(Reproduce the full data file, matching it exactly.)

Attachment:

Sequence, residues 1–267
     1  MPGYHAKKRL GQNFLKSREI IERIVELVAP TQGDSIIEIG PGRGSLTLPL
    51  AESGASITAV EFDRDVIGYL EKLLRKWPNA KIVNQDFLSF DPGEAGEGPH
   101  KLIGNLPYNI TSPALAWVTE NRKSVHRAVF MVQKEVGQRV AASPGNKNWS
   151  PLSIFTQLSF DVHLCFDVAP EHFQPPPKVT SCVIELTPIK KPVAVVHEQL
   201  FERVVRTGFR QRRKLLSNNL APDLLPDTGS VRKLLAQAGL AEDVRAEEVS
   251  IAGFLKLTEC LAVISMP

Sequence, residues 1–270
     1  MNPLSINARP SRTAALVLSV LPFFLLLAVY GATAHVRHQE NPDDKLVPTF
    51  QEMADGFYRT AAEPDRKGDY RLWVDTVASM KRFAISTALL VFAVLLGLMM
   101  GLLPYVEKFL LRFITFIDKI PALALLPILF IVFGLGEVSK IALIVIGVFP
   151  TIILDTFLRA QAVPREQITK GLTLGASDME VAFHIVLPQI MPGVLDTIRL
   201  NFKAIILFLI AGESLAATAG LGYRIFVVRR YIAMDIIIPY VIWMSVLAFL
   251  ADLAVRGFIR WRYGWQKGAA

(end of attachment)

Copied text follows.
Sequence, residues 1–267
     1  MPGYHAKKRL GQNFLKSREI IERIVELVAP TQGDSIIEIG PGRGSLTLPL
    51  AESGASITAV EFDRDVIGYL EKLLRKWPNA KIVNQDFLSF DPGEAGEGPH
   101  KLIGNLPYNI TSPALAWVTE NRKSVHRAVF MVQKEVGQRV AASPGNKNWS
   151  PLSIFTQLSF DVHLCFDVAP EHFQPPPKVT SCVIELTPIK KPVAVVHEQL
   201  FERVVRTGFR QRRKLLSNNL APDLLPDTGS VRKLLAQAGL AEDVRAEEVS
   251  IAGFLKLTEC LAVISMP

Sequence, residues 1–270
     1  MNPLSINARP SRTAALVLSV LPFFLLLAVY GATAHVRHQE NPDDKLVPTF
    51  QEMADGFYRT AAEPDRKGDY RLWVDTVASM KRFAISTALL VFAVLLGLMM
   101  GLLPYVEKFL LRFITFIDKI PALALLPILF IVFGLGEVSK IALIVIGVFP
   151  TIILDTFLRA QAVPREQITK GLTLGASDME VAFHIVLPQI MPGVLDTIRL
   201  NFKAIILFLI AGESLAATAG LGYRIFVVRR YIAMDIIIPY VIWMSVLAFL
   251  ADLAVRGFIR WRYGWQKGAA